Sims v. Reyes

Decision Date07 May 2021
Docket NumberCA 20-00266,1240
Parties Nicholas SIMS, Plaintiff-Appellant, v. Samuel A. REYES, M.D., et al., Defendants, and Seton Imaging, Defendant-Respondent. (Appeal No. 1.)
CourtNew York Supreme Court — Appellate Division

LIPSITZ GREEN SCIME CAMBRIA LLP, BUFFALO (JOHN A. COLLINS OF COUNSEL), FOR PLAINTIFF-APPELLANT.

ROACH, BROWN, MCCARTHY & GRUBER, P.C., BUFFALO (MEGHANN N. ROEHL OF COUNSEL), FOR DEFENDANT-RESPONDENT.

PRESENT: CENTRA, J.P., LINDLEY, NEMOYER, TROUTMAN, AND BANNISTER, JJ.

OPINION AND ORDER

It is hereby ORDERED that the order so appealed from is affirmed without costs.

Opinion by Troutman, J.:

In this medical malpractice action, a dispute arose concerning the specific wording of an authorization provided by plaintiff as required by Arons v. Jutkowitz, 9 N.Y.3d 393, 850 N.Y.S.2d 345, 880 N.E.2d 831 (2007). Supreme Court directed plaintiff to provide authorizations containing certain language, and we conclude that the court's ruling did not constitute an abuse of discretion. Accordingly, the order should be affirmed.

Plaintiff commenced this medical malpractice action to recover damages for injuries that he sustained as a result of a failure to diagnose a tumor. Seton Imaging (defendant) demanded authorizations compliant with the Health Insurance Portability and Accountability Act of 1996 ([HIPAA] Pub L 104-191, 110 US Stat 1936) allowing plaintiff's treating physicians to speak with defendant's attorney. In response, plaintiff provided authorizations that included the following language:

"***READ BELOW AND PAGE 2 FOR IMPORTANT INFORMATION***
The attorneys for the defendants in this lawsuit have indicated that they intend to contact you, and will attempt to meet with you to discuss the medical treatment you have provided, and perhaps other issues that relate to a lawsuit I commenced. Although I am required to provide these defense lawyers with a written authorization permitting them to contact you, the law does not obligate you in any way to meet with them or talk to them. That decision is entirely yours. If you decide to meet with their lawyers, I would ask that you let me know, because I would like the opportunity to be present or have my attorneys present."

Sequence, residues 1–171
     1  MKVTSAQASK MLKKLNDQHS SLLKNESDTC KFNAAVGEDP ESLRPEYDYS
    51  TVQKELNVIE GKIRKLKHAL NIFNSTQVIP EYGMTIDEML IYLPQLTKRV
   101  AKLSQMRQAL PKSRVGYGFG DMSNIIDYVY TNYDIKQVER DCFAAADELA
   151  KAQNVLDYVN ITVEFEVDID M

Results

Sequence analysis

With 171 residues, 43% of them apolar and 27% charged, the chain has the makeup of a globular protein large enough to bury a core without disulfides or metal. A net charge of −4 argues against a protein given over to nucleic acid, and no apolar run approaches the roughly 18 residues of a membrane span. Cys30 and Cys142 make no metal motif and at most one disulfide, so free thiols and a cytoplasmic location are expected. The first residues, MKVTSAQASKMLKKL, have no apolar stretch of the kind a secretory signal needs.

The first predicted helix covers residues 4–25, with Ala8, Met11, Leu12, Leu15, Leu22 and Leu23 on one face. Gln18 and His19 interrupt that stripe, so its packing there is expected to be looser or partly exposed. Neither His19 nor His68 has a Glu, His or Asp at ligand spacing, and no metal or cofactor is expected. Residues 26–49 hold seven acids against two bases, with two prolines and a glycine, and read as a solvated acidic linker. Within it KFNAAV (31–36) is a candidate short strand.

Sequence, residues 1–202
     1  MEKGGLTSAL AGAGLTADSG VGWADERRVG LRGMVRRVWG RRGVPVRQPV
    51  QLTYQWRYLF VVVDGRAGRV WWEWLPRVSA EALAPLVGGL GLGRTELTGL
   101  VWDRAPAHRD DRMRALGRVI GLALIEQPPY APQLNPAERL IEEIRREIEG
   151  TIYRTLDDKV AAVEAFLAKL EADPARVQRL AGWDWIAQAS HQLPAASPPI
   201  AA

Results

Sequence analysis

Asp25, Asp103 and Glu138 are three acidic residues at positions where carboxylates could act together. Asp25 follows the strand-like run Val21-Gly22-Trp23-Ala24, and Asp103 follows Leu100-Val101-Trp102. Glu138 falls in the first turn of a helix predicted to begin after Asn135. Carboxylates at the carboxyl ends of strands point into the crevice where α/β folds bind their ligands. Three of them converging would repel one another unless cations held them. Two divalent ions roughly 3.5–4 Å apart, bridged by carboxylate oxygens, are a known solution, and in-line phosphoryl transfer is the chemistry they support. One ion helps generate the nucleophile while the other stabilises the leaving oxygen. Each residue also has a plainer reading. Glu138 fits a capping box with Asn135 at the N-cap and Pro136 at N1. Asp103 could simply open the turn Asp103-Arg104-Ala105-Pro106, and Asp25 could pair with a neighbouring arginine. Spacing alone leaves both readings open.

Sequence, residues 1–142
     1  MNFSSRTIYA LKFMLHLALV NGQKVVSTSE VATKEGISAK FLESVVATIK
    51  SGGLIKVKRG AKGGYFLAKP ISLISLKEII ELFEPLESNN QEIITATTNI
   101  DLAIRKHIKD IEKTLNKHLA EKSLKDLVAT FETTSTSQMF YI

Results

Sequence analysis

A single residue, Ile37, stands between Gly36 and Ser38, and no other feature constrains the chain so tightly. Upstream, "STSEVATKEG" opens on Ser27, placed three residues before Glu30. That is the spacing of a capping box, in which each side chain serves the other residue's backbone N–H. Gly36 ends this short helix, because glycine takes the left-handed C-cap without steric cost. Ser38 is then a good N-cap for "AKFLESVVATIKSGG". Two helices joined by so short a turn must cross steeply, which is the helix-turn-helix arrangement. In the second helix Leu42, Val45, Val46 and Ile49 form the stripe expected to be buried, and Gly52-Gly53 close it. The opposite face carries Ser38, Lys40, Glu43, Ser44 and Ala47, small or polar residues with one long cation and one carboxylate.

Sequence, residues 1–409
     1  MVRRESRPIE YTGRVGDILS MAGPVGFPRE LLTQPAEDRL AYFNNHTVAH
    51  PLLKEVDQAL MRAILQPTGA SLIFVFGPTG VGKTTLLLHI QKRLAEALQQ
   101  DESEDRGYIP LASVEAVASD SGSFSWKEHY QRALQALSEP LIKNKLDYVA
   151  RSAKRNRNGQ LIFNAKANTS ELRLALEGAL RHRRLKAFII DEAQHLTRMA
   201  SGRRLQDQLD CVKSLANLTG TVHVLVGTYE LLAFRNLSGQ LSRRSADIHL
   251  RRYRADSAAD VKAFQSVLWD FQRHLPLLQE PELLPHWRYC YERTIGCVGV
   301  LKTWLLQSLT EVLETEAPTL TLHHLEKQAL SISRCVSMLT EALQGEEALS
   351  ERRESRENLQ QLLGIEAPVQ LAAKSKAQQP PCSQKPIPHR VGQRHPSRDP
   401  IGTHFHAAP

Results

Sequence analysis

The foregoing language (see Charlap v. Khan , 41 Misc. 3d 1070, 1072, 972 N.Y.S.2d 871 [Sup. Ct., Erie County 2013, Curran, J.] ) was printed in bold and in a typeface larger than that used throughout the rest of the authorization.

Defendant objected to that language, asserting a right to interview plaintiff's treating physicians privately. Plaintiff refused to provide revised authorizations. Defendant offered, as a compromise, to accept revised authorizations that included the following language:

"the purpose of the requested interview with the physician is solely to assist defense counsel at trial. The physician is not obligated to speak with defense counsel prior to trial. The interview is voluntary."

Unable to reach a compromise with plaintiff, defendant moved, inter alia, to compel plaintiff to provide revised authorizations. The court granted the motion in part, directing plaintiff, as relevant here, to provide revised HIPAA-compliant authorizations containing defendant's proposed language, unemphasized and in the same size font as the rest of the authorization. Plaintiff appeals.

The CPLR provides for "full disclosure of all matter material and necessary in the prosecution or defense of an action, regardless of the burden of proof" ( CPLR 3101 [a] ). Although the statute establishes a right to broad discovery, that right is not unlimited (see Forman v. Henkin , 30 N.Y.3d 656, 661-662, 70 N.Y.S.3d 157, 93 N.E.3d 882 [2018] ). The Court of Appeals has recognized the importance of protecting parties from " ‘unnecessarily onerous application of the discovery statutes " ( id. at 662, 70 N.Y.S.3d 157, 93 N.E.3d 882, quoting Kavanagh v. Ogden Allied Maintenance Corp. , 92 N.Y.2d 952, 954, 683 N.Y.S.2d 156, 705 N.E.2d 1197 [1998] ). Relatedly, the Court of Appeals has refused to limit parties to the formal discovery devices enumerated in CPLR article 31 (see Arons , 9 N.Y.3d at 409, 850 N.Y.S.2d 345, 880 N.E.2d 831 ), identifying ex parte interviews of fact witnesses as "informal discovery of information that [might] serve both the litigants and the entire justice system by uncovering relevant facts, thus promoting the expeditious resolution of disputes" ( Niesig v. Team I , 76 N.Y.2d 363, 372, 559 N.Y.S.2d 493, 558 N.E.2d 1030 [1990] ; see Arons , 9 N.Y.3d at 407, 850 N.Y.S.2d 345, 880 N.E.2d 831 ). Informal discovery may often be more efficient and economical for nonparties, too. For example, in the absence of informal discovery, " [i]nstead of communicating with an attorney during a 10-minute telephone call, a physician could be required to attend a four-hour deposition or to provide a time-consuming response to detailed and lengthy interrogatories’ " ( Arons , 9 N.Y.3d at 409, 850 N.Y.S.2d 345, 880 N.E.2d 831, quoting Kish v. Graham , 40 A.D.3d 118, 129, 833 N.Y.S.2d 313 [4th Dept. 2007, Pine, J., dissenting], revd 9 N.Y.3d 393, 850 N.Y.S.2d 345, 880 N.E.2d 831 [2007] ).